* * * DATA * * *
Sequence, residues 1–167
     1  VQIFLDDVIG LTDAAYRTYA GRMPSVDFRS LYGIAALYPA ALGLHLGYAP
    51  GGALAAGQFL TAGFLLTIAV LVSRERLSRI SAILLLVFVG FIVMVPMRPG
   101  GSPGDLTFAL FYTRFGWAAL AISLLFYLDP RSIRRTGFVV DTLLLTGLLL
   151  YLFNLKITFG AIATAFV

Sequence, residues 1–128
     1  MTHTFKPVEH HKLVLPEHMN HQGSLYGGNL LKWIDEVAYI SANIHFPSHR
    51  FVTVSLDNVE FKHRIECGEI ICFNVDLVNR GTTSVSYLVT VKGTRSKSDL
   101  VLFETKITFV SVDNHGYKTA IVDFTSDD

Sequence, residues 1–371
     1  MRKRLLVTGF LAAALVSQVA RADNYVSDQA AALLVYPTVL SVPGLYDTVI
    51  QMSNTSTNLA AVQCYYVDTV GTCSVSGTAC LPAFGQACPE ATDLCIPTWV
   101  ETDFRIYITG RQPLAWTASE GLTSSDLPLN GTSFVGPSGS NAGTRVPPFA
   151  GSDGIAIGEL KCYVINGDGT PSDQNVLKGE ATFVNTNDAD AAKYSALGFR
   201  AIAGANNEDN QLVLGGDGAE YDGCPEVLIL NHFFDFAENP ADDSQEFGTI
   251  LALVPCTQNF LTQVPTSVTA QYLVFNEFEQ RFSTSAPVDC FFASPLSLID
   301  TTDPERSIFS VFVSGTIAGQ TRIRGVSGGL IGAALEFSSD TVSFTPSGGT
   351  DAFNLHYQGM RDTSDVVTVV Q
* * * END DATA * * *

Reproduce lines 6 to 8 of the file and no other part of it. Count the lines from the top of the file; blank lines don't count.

Sequence, residues 1–128
     1  MTHTFKPVEH HKLVLPEHMN HQGSLYGGNL LKWIDEVAYI SANIHFPSHR
    51  FVTVSLDNVE FKHRIECGEI ICFNVDLVNR GTTSVSYLVT VKGTRSKSDL